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The Gearboat Chronicles

Plate & Pitchfork in Hells Canyon

2013 Plate & Pitchfork Road & Raft Trip – August 26-30, 2013

The lunch menu on the gearboat traditionally involves your choice of several things out of a Ziploc, arranged artfully in smashed wads. They’re high-grade leftovers, to be sure. But still leftovers, seasoned with the knowledge that back there on the river somewhere, relaxing on a picturesque beach, the rest of the party is enjoying a fancy-pants lunch.

Life on the gearboat involves floating ahead to set up headquarters for the night. There’s no time for checkered tablecloths or other fancy dining things like, say, a fork. You eat from a plastic bag, heave on the oars and sing river chanties. That’s gearboating.

I’ve always enjoyed these gearboat lunches. They beat PBJs at home. But this Plate & Pitchfork trip we just did in Hells Canyon has ruined Ziploc cuisine for me.

I ‘ve tasted a better way. It involves fancy cheese and I want more. More, I say.

Plate and Pitchfork highlights locally grown food prepared by chefs who’ve never heard of a Hot Pocket. We ate well. Very, very well. Leftovers from this trip were gold standard. I was delighted.

But as I started to pull the gearboat away from the beach on this tour, Chef Leather Storrs asked where I thought I was going. Heading downriver, I says. What about lunch, he says. I says I’ve got leftovers.

I can’t print exactly what he says next, but it translates loosely as, “Forget that.”

Then he proceeded to redefine eating on the gearboat. For lack of a better word, he made a sandwich. It was really more of a symphony between pieces of bread. Trumpets sounded as I bit into the thing. A sunbeam appeared and melted the fancy cheese to exactly the right consistency. I wept softly as I ate, gently accentuating the cured meat with drops of joy.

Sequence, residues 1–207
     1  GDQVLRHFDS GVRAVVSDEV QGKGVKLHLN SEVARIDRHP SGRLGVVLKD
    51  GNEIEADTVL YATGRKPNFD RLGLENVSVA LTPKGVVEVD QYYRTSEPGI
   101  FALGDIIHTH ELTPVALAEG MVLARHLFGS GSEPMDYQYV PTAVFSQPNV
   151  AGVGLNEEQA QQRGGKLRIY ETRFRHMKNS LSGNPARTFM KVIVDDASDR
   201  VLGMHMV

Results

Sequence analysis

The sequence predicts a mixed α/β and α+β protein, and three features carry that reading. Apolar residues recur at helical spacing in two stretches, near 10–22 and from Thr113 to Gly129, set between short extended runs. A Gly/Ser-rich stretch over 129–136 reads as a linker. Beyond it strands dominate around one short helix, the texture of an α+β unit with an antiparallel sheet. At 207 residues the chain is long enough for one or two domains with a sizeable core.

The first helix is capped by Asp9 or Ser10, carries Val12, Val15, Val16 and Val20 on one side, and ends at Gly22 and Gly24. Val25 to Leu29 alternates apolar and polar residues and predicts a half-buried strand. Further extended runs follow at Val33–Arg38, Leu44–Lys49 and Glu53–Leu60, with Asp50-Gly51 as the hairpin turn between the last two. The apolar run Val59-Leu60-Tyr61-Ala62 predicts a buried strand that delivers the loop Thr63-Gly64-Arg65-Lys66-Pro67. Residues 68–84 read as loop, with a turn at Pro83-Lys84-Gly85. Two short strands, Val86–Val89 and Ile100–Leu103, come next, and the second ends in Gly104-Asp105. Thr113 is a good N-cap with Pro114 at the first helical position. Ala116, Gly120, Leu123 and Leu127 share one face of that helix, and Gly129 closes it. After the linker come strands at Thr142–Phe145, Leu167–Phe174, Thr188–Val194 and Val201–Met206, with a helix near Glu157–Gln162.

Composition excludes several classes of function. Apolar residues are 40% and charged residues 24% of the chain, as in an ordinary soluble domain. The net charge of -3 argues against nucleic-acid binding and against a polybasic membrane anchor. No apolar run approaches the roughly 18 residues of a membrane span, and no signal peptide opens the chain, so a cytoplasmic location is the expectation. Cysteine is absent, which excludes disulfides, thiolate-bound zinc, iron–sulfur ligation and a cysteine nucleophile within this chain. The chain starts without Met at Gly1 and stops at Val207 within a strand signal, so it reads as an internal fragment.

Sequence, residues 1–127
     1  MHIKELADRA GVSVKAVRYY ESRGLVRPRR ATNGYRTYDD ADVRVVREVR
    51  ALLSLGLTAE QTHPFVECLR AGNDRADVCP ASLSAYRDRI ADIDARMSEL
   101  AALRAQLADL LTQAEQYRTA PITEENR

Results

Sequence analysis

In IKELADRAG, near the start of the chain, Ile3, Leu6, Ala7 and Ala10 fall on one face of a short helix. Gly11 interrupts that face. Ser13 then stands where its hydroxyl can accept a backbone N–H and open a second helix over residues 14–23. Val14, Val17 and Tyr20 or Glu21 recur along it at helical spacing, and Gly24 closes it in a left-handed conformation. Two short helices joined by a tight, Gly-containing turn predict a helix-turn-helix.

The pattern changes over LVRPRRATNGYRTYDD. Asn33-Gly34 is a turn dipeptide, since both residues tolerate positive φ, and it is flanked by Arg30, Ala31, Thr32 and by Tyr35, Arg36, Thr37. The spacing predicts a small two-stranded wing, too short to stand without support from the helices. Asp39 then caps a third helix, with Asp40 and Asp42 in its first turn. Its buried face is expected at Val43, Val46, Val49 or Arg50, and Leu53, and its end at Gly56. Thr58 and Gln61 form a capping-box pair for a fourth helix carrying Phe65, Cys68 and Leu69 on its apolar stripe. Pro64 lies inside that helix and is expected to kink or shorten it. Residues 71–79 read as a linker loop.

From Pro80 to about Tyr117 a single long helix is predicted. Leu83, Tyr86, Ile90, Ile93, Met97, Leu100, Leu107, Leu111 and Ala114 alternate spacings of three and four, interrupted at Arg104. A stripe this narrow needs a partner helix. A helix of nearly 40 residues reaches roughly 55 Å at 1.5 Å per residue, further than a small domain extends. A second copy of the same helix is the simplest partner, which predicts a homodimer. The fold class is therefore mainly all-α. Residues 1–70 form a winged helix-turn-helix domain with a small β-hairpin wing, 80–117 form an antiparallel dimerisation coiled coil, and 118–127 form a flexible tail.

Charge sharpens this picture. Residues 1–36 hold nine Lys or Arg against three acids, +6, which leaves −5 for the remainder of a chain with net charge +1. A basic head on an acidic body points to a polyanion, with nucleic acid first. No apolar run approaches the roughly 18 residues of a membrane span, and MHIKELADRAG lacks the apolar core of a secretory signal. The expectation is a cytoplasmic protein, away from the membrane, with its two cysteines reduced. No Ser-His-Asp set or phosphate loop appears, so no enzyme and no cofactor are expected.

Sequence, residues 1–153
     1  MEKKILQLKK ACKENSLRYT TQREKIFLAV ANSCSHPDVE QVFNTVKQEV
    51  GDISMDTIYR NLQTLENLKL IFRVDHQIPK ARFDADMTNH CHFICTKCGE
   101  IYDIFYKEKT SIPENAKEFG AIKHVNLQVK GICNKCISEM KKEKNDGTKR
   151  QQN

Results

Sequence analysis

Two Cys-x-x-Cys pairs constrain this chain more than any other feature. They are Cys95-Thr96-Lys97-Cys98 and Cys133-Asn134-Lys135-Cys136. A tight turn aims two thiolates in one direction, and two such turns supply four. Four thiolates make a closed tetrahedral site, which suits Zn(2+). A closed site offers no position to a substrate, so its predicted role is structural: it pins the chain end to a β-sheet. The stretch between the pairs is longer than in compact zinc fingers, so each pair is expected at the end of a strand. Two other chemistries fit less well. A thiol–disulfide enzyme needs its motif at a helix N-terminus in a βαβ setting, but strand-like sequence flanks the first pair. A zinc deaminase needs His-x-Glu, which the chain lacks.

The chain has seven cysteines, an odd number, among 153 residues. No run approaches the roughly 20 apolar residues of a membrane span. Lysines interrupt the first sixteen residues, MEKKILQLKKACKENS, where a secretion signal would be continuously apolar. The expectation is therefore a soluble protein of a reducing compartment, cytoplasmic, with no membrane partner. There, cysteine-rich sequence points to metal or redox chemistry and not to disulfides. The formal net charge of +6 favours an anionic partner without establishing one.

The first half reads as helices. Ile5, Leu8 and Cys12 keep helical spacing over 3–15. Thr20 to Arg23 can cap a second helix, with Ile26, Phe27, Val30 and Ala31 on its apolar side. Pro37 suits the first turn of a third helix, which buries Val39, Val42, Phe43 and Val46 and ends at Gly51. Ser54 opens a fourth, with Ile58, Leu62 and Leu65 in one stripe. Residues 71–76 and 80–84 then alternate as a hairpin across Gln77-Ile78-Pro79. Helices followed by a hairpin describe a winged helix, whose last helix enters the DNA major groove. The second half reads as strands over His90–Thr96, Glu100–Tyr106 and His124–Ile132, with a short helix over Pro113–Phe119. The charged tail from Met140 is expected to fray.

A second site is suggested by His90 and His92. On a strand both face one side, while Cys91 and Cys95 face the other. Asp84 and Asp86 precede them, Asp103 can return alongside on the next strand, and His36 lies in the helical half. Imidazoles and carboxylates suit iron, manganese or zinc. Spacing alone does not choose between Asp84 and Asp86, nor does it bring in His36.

Here’s a closeup of what we’re talking about. Mostly you see Leather’s grandwich, but above that you can glimpse the Ziploc bag and tinfoil holding the leftover breakfast sausage and corn tortillas that are normally a gearboat lunch favorite. Now focus your attention back down to the sandwich and you see what I want for lunch every day for the rest of my life.

That photo doesn’t even reveal all the goodness involved. Here we see chef Joseph Hickey choreographing a giant pan full of roasted dancing peppers that closed the deal.

Photo: Matt King. Pan skills: all Joe.

And that was just a sandwich. Winding Waters has always gone the extra river mile for great food on the river, using local meat, veggies, farm-fresh eggs, coffee roasted in Joseph. So this cooperative trip with Plate & Pitchfork and their focus on great local eats made all sorts of sense.

But, man. I wasn’t prepared for how fast these chefs prepare stuff. I knew it would be good, I just didn’t realize it was humanly possible to crank out delicious quite that quick. Watching these guys do their thing was instructive.

So you cook it. Interesting.

This trip ranked right up there for me on the river trip meter and I’ve got more to say about it so we’ll be trotting out more Plate & Pitchfork photos here next week.

We might even talk about this one guy that went on the trip, Rick something . . . he seemed a little bit unsure about the whole traveling thing. Not sure he’s been away from home much. But he seemed to be getting the hang of travel there toward the end.

Some guy, Rick Steves, Cowboy Craig Nichols, rafting godfather Paul Arentsen.

Steves. Just came to me. Rick Steves. Nice guy. Needs to get out more maybe, but a great guy. Try Europe, Steves, they’ve got some nice cathedrals and stuff over there. You might like it.

Meantime, you hungry? In Portland? Go visit Leather and Joe at Noble Rot. Ask for the Hells Canyon Gearboat Sandwich. They won’t know what you’re talking about, but ask anyway.

Still hungry, plus curious about what you’re eating? Plate & Pitchfork hosts summertime farm dinners where you meet the folks behind the ingredients right where it’s grown and get a look at the process. Then you sit down to appreciate the results of quality food put in the hands of chefs who know which end of the knife to hold.

There’s even a wintertime spinoff, with dining experiences indoors that are still informative, still exceptional, just not, you know, cold. That one is called Forklift.

Thanks to local makers of fine ingredients in the pantry on this trip: 6 Ranch Corriente beef, Carman Ranch grassfed goodness, Happy Chick Farms in Lostine for the premium huevos, Backyard Gardens for the primo veggies and Red Horse Coffee Traders in Joseph for the great joe.